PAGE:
S47 DROPS 2-Sea Breeze

Sunday, 6 January 2013
Exhibit Hall 3 (Austin Convention Center)
Kayla A. Hudson, Purdue University, West Lafayette, IN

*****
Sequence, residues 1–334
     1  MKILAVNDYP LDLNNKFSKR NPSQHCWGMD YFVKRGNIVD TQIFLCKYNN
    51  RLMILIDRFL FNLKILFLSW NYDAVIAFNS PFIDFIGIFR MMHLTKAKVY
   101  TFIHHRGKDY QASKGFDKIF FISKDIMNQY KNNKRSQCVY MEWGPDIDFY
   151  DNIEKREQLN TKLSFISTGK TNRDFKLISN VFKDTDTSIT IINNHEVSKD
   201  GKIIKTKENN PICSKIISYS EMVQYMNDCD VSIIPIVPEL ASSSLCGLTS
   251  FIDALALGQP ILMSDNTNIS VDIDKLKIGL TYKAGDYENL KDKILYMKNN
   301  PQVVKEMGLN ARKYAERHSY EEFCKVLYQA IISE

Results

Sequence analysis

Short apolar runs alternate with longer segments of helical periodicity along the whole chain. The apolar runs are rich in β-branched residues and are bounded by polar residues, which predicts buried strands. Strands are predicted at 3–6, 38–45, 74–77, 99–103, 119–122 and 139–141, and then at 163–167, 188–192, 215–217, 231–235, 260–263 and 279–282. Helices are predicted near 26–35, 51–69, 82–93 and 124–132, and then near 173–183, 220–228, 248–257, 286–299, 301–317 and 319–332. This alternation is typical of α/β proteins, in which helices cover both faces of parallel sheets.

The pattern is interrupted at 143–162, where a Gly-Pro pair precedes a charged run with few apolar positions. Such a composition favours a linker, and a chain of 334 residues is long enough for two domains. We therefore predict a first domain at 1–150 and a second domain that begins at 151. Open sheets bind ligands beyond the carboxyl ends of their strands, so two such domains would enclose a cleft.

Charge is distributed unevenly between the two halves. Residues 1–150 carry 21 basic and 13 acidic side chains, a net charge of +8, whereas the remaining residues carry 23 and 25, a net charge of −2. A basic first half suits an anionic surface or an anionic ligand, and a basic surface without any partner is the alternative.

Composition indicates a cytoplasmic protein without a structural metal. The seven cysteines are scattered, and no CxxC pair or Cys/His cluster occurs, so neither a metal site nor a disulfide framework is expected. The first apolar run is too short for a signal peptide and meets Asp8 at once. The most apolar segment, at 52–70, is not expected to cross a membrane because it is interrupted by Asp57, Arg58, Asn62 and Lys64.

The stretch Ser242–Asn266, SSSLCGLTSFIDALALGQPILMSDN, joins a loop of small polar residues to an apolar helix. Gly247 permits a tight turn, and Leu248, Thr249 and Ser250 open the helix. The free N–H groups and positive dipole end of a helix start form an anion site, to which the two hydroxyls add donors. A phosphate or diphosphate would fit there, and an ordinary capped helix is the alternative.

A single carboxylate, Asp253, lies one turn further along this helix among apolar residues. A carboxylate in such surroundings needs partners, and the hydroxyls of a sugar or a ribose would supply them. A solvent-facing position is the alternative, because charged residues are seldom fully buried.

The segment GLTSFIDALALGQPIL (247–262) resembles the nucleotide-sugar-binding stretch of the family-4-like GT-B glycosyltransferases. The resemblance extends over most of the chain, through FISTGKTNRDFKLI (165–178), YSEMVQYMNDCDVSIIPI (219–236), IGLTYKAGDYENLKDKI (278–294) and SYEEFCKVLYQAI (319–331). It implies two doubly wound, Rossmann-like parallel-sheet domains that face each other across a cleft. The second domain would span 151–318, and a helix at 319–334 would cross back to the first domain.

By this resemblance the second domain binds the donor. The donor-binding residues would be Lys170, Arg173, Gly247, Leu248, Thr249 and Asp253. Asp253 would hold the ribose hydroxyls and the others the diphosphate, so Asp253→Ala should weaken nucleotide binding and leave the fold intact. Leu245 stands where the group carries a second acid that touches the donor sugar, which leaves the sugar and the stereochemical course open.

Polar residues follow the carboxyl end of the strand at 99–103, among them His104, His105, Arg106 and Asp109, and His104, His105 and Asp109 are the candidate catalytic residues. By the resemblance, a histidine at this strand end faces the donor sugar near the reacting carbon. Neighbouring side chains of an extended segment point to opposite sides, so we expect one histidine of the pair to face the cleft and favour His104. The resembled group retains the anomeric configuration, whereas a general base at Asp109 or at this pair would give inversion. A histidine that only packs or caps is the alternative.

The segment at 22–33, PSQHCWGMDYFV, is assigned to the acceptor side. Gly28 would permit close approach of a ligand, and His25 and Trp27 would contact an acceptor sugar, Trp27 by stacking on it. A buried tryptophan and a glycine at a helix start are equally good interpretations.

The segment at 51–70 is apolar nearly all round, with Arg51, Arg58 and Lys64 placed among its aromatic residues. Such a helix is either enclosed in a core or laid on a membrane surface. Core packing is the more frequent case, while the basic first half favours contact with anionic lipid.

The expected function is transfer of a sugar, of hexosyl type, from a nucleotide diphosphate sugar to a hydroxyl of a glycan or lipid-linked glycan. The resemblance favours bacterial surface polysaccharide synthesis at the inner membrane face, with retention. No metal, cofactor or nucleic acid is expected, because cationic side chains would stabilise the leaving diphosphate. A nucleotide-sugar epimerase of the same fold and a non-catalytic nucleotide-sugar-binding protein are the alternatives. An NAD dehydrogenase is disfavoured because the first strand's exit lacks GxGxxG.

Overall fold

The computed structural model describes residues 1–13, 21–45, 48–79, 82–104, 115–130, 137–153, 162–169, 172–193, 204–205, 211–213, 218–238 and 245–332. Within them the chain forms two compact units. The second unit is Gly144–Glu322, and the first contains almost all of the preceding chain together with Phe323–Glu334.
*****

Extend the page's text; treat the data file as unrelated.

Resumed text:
During the week of March 11-15, 2012, a Purdue-sponsored research study was conducted in Venice, Florida addressing several student-conceived hypotheses about the sea breeze phenomenon. In order to observe the sea breeze phenomenon, pibals, Weather Transmitters (WXT), Mobile Automated Weather Station (MAWS) and a Doppler on Wheels (DOW) were used. Specifically, we recorded sea-breeze front depth, movement, and other impacts associated with sea breeze fronts. One of our hypotheses was that the depth of the sea breeze front is proportional to the distance that it moved inland. In theory a shallower sea breeze will be slower as compared to one with greater depth and therefore have more time to interact with the surface. This extended interaction time will make it more susceptible to frictional effects which greater limits the fronts ability to reach farther inland. Our array of surface instruments, in combination with the DOW was used to determine the distance that the front will reach inland. The instruments preferably were oriented perpendicular to the coast allowing us to track the sea breeze progression inland and any changes that occur. Range Height Indicator (RHI) radar scans from the DOW also allowed us to quantify the depth of the onshore component of the sea breeze, which has provided a better understanding of the scale of the circulation. After analyzing our data, we were able to conclude that there is a correlation to the depth of a sea breeze and the proportion it moved inland, as predicted in our hypotheses. Results on the other two hypotheses will be presented at the conference.

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